5 July 2016. Engineers at Massachusetts Institute of Technology designed a process using genetic material in nanoscale particles for vaccines that in lab mice protect against dangerous diseases with a single dose. A report from the team in the lab of biology and engineering professor Daniel Anderson appears this week in Proceedings of the National Academy of Sciences (paid subscription required).
Researchers led by postdoctoral fellows Jasdave Chahal and Omar Khan, first authors of the paper, are seeking to overcome the long lead times needed to produce vaccines, as well as provide a more predictable and efficient development process. Many vaccines today use inactivated or weakened microbes, or proteins generated by pathogens that require additional compounds called adjuvants to boost their immune response. While vaccines, like any drugs, need careful testing with human clinical trials, the initial discovery tasks can add many months and years to an already extended process.
Chahal, Khan, and colleagues seek to improve the process for discovering new types of vaccines with messenger RNA as the active ingredients. Messenger RNA is genetic material related and complementary to DNA used by cells to produce the amino acids in proteins. While genetic technologies are available for making vaccines, they sometimes use delivery mechanisms like benign viruses, which while not causing disease, can generate unwanted immune responses on their own.
The MIT team developed a set of techniques for quickly producing vaccines formulated in nanoscale particles containing messenger RNA molecules. These molecules are configured into star-shaped branches called dendrimers that can be concentrated into particles about 150 nanometers in diameter; 1 nanometer equals 1 billionth of a meter. This size is about the same as many viruses, making it possible for the nanoparticles to target the same surface proteins that attract viruses.
The techniques encode messenger RNA molecules to address specific disease-causing proteins that replicate when they reach the target, where they generate antibodies or produce pathogen-fighting T-cells in the immune system. The researchers were able to use these techniques to design and produce quantities of individual vaccines for testing against specific pathogens, each in about 7 days.
The team produced with this process protective vaccines against H1N1 influenza or swine flu, Ebola, and Toxoplasma gondii parasites, single-cell organisms causing toxoplasmosis, a type of food poisoning from undercooked or contaminated meat. Vaccines for H1N1 influenza strains are produced routinely today, while Ebola vaccines are still in clinical trials, and no vaccines are yet available to protect against Toxoplasma gondii.
In lab tests, mice were given single doses of the vaccines in intramuscular injections, with comparable mice not injected. The mice were then given lethal doses of the pathogens. All mice receiving the H1N1 vaccine produced antibodies that protected against the virus, while the unvaccinated mice died within 7 days. For the Ebola virus, the team tested different dosage levels, and found a dose that generated protective T-cells against the virus. As with the H1N1 virus, mice not protected with vaccines died from the Ebola virus within 7 days.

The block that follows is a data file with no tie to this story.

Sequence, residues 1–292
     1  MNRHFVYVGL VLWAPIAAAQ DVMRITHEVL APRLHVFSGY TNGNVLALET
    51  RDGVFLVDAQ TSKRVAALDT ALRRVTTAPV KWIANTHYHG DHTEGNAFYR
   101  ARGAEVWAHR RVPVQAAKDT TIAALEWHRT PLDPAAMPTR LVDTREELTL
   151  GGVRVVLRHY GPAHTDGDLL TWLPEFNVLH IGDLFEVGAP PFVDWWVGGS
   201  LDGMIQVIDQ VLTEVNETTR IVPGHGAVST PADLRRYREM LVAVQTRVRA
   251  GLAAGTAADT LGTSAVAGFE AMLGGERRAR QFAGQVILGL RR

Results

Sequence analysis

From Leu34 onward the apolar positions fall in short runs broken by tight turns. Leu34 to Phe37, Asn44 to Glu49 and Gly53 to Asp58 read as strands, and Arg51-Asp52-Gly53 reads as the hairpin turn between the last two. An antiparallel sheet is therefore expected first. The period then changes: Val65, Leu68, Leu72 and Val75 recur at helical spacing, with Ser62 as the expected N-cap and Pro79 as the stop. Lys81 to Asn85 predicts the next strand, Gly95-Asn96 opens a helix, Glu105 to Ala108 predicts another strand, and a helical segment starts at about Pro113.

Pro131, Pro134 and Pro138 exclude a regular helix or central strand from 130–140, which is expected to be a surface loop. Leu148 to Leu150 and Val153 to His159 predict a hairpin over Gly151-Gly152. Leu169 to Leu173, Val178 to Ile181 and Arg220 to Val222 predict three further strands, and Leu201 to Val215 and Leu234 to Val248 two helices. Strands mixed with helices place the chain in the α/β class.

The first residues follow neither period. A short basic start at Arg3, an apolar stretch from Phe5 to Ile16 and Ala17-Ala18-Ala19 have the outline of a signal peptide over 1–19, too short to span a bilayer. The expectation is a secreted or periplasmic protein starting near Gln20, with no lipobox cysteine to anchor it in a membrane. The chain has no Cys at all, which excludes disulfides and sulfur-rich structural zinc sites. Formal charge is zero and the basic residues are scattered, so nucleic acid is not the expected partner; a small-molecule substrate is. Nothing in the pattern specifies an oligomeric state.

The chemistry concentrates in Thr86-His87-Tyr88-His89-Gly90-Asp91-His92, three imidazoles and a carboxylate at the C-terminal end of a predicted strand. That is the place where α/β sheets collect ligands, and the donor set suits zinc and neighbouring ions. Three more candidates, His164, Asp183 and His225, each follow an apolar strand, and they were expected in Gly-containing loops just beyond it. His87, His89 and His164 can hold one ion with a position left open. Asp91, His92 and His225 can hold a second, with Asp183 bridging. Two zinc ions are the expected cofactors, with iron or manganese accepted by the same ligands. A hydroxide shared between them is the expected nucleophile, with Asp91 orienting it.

With Toxoplasma gondii, the researchers developed a more complex vaccine that protects against different life stages of the parasite. As with the the other pathogens, mice given the vaccine survived the lethal dose of Toxoplasma gondii, while the unvaccinated mice died with 12 days. The researchers say this was the first demonstration of a protective nanoparticle vaccine against the parasite.
“This nanoformulation approach allows us to make vaccines against new diseases in only 7 days, allowing the potential to deal with sudden outbreaks or make rapid modifications and improvements,” says Anderson in an MIT statement. The university says Chahal and Khan plan to form a company to license and commercialize the technology. They also plan to extend the technology to vaccines that protect against Zika and Lyme disease.
Blaine Pfeifer, left, and Charles Jones (Onion Studio, University at Buffalo)
1 July 2016. A biotechnology company and university lab developed and tested in mice a technique for packaging antigens that induce an immune response in vaccines, which combines E. coli bacteria and a biocompatible polymer material. The team from University at Buffalo in New York and spin-off enterprise Abcombi Biosciences published its findings in today’s issue of the journal Science Advances.
Researchers led by Buffalo engineering professor Blaine Pfeifer and Charles Jones, CEO of Abcombi Biosciences Inc., are seeking to improve the delivery of antigens, proteins that induce an immune response, in vaccines. In some cases, vaccines need an extra boost, provided by adjuvants to promote a stronger immune response. Aluminum gels and salts are sometimes used a vaccine adjuvants.